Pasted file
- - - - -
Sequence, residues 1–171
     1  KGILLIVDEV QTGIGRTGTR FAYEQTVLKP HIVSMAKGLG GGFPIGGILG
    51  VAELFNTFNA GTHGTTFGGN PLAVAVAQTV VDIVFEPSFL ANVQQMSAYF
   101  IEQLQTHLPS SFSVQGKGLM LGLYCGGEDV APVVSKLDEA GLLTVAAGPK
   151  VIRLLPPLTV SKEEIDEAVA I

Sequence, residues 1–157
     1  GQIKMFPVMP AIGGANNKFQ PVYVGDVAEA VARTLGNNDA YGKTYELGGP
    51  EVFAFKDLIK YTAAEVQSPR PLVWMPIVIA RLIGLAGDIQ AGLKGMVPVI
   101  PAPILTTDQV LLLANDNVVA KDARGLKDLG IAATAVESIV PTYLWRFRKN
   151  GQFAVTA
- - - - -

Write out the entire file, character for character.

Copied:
Sequence, residues 1–171
     1  KGILLIVDEV QTGIGRTGTR FAYEQTVLKP HIVSMAKGLG GGFPIGGILG
    51  VAELFNTFNA GTHGTTFGGN PLAVAVAQTV VDIVFEPSFL ANVQQMSAYF
   101  IEQLQTHLPS SFSVQGKGLM LGLYCGGEDV APVVSKLDEA GLLTVAAGPK
   151  VIRLLPPLTV SKEEIDEAVA I

Sequence, residues 1–157
     1  GQIKMFPVMP AIGGANNKFQ PVYVGDVAEA VARTLGNNDA YGKTYELGGP
    51  EVFAFKDLIK YTAAEVQSPR PLVWMPIVIA RLIGLAGDIQ AGLKGMVPVI
   101  PAPILTTDQV LLLANDNVVA KDARGLKDLG IAATAVESIV PTYLWRFRKN
   151  GQFAVTA